On this last day of August – a month with five Mondays – we offer you this selection of stories to begin your work week.
Food is free in a city near you. Across the nation, a new kind of sharing culture is springing up around gardening. Among the benefits accruing to participating communities? Increased food security, healthier landscapes, recycling resources and a greater sense of community. Kate Dougherty (@kate_dougherty) writes about Food is Free, a non-profit that is helping to drive this “community building and gardening movement.” Projects in Iowa and Austin are discussed. An uplifting piece and one that we hope will spark gardening action in more communities. This piece appears in Civil Eats. And ICYMI, an informative and inspiring Q&A with Roger Doiron of Kitchen Gardeners International. His non-profit organization provides resources and inspiration for home and community gardeners.
Biotechnology: three reads. 1. Perspective on Golden Rice: bringing a superfood down to earth. Few genetically modified crops are discussed as much as “Golden Rice.” And debates over the crop are heated. Glenn Davis Stone (@glenndavisstone) is an anthropology and environmental studies professor at Washington University in St. Louis, Missouri. He conducts research and writes about food, agriculture and biotechnology; this piece appears on his blog Field Questions. It’s certain to spark discussion. 2. Another perspective: Recently, the UC Food Observer interviewed UC Davis plant geneticist Pamela Ronald (@pcronald) on a range of issues relating to biotechnology. Ronald’s research includes studying the genetic basis of resistance to disease and tolerance to stress in rice. Together with her collaborators, she has engineered rice for resistance to disease and tolerance to flooding, which seriously threaten rice crops in Asia and Africa. Read the Q&A here. 3. In the race to save species, GMOs are coming to nature. This raises important questions. Can we? And should we? The piece contains an interesting discussion of the American chestnut tree’s demise and potential recovery. A thought-provoking article by Greg Breining for Ensia.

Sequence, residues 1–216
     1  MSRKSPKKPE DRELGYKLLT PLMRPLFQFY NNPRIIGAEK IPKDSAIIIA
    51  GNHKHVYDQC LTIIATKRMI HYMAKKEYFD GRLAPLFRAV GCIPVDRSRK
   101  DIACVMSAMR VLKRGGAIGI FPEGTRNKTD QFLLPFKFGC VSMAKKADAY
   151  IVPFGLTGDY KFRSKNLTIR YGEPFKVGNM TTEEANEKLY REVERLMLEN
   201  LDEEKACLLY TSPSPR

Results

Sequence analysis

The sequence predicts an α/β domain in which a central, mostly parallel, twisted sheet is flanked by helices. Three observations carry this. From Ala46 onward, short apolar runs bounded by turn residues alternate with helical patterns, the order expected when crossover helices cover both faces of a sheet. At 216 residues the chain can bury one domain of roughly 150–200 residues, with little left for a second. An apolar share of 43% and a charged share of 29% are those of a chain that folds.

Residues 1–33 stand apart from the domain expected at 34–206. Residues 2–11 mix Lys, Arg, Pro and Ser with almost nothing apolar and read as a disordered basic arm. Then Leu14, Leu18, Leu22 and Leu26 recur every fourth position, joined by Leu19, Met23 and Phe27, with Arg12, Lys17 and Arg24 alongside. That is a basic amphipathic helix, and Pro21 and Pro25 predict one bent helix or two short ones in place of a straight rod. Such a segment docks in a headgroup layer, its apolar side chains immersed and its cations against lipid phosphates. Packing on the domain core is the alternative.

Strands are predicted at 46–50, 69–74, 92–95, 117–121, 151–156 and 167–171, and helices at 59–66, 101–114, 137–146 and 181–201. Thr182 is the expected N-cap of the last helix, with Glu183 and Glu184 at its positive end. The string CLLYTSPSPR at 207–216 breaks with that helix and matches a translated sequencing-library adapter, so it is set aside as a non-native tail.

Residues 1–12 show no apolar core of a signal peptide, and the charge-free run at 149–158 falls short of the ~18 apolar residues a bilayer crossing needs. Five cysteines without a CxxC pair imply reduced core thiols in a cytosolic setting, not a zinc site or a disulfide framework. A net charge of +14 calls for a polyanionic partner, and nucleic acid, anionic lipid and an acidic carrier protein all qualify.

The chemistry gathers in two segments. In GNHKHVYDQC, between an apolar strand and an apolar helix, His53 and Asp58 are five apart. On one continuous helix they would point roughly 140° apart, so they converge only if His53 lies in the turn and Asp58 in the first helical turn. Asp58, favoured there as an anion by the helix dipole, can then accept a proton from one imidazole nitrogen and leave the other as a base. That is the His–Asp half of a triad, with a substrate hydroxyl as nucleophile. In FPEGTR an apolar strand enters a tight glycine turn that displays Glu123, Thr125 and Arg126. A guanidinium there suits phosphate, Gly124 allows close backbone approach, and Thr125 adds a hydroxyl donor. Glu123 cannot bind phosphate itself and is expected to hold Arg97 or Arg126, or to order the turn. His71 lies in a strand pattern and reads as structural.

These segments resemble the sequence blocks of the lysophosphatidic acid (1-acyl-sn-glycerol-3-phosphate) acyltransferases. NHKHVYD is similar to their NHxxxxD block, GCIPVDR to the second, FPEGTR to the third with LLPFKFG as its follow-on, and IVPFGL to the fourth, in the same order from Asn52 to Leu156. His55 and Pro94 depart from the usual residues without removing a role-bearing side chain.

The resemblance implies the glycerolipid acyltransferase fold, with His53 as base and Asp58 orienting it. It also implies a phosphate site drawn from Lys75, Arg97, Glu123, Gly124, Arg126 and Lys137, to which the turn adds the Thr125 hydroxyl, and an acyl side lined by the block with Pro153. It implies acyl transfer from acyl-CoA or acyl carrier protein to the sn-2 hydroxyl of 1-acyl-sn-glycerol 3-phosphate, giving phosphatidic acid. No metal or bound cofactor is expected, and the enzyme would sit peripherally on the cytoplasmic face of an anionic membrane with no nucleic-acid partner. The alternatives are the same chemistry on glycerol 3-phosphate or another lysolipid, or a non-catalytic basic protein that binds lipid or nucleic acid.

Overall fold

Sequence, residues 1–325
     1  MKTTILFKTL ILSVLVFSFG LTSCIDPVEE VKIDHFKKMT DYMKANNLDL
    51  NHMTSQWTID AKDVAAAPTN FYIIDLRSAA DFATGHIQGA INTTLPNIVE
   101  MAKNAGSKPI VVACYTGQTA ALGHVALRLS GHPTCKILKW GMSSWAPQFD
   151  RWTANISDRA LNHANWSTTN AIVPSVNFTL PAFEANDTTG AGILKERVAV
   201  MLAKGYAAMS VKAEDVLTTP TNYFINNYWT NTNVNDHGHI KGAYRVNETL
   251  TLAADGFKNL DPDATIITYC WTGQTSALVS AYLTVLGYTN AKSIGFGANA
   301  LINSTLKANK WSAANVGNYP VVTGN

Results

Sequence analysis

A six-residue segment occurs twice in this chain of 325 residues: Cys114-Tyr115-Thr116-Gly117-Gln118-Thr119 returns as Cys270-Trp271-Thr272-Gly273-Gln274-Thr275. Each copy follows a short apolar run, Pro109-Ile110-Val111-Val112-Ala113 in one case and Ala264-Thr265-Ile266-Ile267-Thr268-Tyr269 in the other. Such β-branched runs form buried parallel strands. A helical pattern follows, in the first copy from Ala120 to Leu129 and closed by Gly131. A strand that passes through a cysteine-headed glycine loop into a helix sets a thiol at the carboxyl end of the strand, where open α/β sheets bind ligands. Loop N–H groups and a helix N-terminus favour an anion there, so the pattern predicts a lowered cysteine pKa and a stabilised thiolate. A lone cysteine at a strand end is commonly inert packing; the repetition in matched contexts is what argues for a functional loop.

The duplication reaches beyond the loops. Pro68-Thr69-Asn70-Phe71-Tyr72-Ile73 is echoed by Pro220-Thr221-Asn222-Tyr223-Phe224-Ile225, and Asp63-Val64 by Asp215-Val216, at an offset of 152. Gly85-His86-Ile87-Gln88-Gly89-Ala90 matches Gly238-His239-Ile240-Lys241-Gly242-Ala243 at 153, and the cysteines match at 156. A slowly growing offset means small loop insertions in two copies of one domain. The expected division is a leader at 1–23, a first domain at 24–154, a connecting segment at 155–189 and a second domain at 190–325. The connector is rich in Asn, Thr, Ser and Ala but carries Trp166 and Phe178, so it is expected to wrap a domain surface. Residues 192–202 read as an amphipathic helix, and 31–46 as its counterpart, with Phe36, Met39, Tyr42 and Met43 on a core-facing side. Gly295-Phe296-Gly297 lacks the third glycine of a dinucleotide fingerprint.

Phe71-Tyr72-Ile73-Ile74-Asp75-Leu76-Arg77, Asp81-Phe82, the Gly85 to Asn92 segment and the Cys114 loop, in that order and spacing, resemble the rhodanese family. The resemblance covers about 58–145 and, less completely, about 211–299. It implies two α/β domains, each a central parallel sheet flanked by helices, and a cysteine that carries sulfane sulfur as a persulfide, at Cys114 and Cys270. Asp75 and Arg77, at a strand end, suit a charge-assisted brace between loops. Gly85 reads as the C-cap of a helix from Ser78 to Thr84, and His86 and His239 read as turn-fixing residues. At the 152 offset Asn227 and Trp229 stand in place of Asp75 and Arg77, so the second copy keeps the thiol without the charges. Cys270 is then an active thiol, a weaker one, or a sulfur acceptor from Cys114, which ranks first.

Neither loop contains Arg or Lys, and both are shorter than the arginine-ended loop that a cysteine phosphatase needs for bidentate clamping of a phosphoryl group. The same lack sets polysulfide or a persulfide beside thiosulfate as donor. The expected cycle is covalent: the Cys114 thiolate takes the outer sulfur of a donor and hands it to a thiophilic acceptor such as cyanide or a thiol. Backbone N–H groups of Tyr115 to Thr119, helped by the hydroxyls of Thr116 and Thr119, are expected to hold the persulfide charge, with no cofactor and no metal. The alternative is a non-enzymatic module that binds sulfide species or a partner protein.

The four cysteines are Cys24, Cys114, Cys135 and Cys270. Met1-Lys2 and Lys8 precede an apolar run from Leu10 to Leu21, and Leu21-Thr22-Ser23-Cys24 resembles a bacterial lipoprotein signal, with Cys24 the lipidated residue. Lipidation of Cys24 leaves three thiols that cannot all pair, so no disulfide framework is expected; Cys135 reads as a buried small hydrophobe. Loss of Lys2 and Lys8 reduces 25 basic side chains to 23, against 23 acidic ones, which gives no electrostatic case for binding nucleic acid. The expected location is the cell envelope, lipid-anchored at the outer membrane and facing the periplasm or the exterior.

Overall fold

ICYMI, “Good Food” interests start to think about lobbying. “Good Food” is winning big in the public eye, but is not using the strategies employed by “Big Food” powerhouses…but that may be starting to change. Helena Bottemiller Evich (@hbottemiller) pens an informative piece for Politico. Take a parent company quiz. Who owns Gatorade? Match “iconic brands with their parent companies.” Note: these are not all food-related questions. Bryan Cronan (@BryanCronan) for the Christian Science Monitor (ICYMI). H/T Michele R. Simon (@MicheleRSimon).
Labor: farm workers and fast food workers mobilize here and around the globe. Two pieces. Farm workers: the Pacific Coast Farm Worker Rebellion. Much has been written in the last year about the farm labor strife in Mexico. (We particularly valued the Product of Mexico series that appeared in the Los Angeles Times; follow Richard Marosi – @ricardin24). In other places on the Pacific Coast, indigenous farm workers are standing up for their rights. David Bacon writes this piece for The Nation; he also took the stunning photographs that accompany it. Taking the battle to McDonald’s. The Fight for $15 movement is taking a larger, more strategic approach as the minimum wage movement gains national and global momentum. “This is about lifting the 64 million American workers who make less than $15 an hour,” says top strategist Scott Courtney. Steven Greenhouse (@greenhousenyt) writes a must-read piece; it appears in The Guardian. Greenhouse is a labor correspondent for the New York Times.
What does the future hold for organics? Read our Q&A with organic policy expert Mark Lipson. For more than three decades, Mark has been intimately involved with the organic movement from the local to national level, as an organic producer, a researcher and an advocate. He has been extremely influential in shaping state and national policy surrounding organics, including certification standards. He weighs in on a number of topics, including the role of young farmers in the future of organics and the agricultural research enterprise.
Have a great day!